In the flick, the vaccine is created and distributed in mere months. Offit says this is “ridiculously fast.”

“This is a novel virus where you’re starting from scratch, and I think they did it in a few months in the movie, which is ridiculously fast,” notes Offit, who co-invented a rotavirus vaccine that took 26 years of work.

Fact: It’ll take a few fuck-ups before they find an effective vaccine

The reason why the government is insisting that folks be patient in waiting for a vaccine is because even when they do create one, they won’t know if they’ve gotten it right immediately.

In fact, it will likely take a lot of screw-ups before they find one that fully cures the disease, just like in the film.

“They didn’t get it on the first try. Far from it,” Offit says. “You see them make something they think is a vaccine, give it to monkeys, and then you see scene[s] where they’re taking dead monkeys and putting them into plastic bags, [because] it’s not working. That’s an accurate message, that you’ll encounter a lot of failure before success with making vaccines.”

Fiction: Vaccinations are distributed using a birthday lottery system

In the flick, the vaccines are handed out based on a randomised lottery system using birthdays, which would never happen.

“There is a question of production capacity, assuming you need 300 million doses for every person in the U.S.,” says Coyle.

“So yes, if we had limited production there would have to be some sort of rationing, but I don’t think it would be birthdays, I think we would do health care providers and first responders initially, and then we would kind of go out in waves from there.”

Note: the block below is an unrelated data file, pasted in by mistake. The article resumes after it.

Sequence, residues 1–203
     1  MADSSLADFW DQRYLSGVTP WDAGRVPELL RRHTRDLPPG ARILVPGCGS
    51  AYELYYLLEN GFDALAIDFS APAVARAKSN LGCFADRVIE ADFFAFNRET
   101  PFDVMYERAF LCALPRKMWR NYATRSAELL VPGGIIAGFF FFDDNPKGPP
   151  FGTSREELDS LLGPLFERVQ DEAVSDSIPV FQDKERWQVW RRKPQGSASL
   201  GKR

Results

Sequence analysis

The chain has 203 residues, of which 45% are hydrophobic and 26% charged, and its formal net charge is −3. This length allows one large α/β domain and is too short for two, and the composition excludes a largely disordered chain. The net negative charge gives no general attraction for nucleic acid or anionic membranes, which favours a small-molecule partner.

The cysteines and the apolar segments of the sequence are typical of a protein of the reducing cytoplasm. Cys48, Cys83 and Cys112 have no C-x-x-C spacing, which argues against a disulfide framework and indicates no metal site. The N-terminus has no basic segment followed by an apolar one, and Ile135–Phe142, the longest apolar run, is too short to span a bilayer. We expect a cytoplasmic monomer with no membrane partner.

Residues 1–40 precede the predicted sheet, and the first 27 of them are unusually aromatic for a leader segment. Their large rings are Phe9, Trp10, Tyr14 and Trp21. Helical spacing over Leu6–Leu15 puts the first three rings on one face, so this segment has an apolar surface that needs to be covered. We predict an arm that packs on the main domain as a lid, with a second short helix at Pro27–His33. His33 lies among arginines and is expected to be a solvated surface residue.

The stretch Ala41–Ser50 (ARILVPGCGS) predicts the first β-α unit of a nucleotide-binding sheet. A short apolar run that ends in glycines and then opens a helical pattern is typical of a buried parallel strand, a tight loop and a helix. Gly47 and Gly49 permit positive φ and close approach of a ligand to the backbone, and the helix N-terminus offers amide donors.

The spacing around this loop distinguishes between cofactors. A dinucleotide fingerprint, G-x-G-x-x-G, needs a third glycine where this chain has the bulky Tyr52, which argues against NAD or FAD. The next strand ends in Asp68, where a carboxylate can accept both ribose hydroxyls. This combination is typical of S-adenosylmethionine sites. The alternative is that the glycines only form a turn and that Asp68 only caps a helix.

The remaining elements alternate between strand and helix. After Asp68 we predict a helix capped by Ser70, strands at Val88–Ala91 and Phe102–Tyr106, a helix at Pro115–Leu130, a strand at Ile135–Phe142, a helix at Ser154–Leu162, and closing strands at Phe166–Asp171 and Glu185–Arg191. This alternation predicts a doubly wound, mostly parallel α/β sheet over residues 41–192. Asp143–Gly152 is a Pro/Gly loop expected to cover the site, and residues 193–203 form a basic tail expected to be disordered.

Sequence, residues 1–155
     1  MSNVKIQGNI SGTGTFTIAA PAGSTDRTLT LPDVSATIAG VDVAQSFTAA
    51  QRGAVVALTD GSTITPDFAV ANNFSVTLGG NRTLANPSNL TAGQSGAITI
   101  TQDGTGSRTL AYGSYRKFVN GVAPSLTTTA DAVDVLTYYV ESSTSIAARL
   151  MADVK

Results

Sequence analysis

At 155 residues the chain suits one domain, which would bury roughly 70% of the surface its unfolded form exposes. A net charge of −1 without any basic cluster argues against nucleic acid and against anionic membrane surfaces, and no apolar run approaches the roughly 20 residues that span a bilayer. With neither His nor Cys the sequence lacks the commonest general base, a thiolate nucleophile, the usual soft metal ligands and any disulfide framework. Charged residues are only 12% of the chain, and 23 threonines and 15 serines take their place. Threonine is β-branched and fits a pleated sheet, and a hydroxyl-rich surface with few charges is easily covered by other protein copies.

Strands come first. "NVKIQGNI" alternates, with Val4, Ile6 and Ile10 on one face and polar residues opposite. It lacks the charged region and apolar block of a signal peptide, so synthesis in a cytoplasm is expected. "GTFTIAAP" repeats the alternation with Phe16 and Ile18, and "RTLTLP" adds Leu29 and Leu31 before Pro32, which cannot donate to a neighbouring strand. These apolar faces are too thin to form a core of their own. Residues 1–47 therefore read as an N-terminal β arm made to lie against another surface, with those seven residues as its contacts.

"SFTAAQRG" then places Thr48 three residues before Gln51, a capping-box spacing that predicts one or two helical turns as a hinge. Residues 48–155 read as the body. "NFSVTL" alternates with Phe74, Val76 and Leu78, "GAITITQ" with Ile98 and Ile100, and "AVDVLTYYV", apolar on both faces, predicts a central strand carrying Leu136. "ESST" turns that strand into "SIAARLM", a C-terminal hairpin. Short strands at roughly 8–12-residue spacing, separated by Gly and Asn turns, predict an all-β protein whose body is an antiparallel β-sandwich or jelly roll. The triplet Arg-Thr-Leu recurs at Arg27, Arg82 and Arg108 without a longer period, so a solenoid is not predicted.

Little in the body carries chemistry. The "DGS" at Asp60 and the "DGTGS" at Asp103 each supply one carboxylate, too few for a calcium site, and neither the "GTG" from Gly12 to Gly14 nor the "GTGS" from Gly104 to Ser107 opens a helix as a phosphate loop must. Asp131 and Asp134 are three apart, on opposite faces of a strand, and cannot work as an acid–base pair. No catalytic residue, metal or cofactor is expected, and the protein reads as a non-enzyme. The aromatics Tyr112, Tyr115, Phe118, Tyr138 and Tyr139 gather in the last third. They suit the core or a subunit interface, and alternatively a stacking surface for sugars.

Fiction: We touch our faces 2,000 to 3,000 per day

Remember when Kate Winslet’s character said the average person touches their face 2,000 to 3,000 times per day?

Well according to studies, the actual number is closer to 15 to 23 times per hour.

That’s still an awful lot of face-touching, though.

Fact: The virus is easily transmitted through touch

Huang says Contagion does a great job of highlighting the danger of touch, particularly of potential fomites — objects or materials that come in contact with an infected person and later transmit the virus. For example, the casino scene where Paltrow’s character unknowingly infects multiple people by way of her credit card, an empty cocktail glass, and a casino token.

“That was extraordinarily well done, to give you the sense of how a virus like this can be transmitted from one person to another with the most casual contact, with fomites,” says Huang.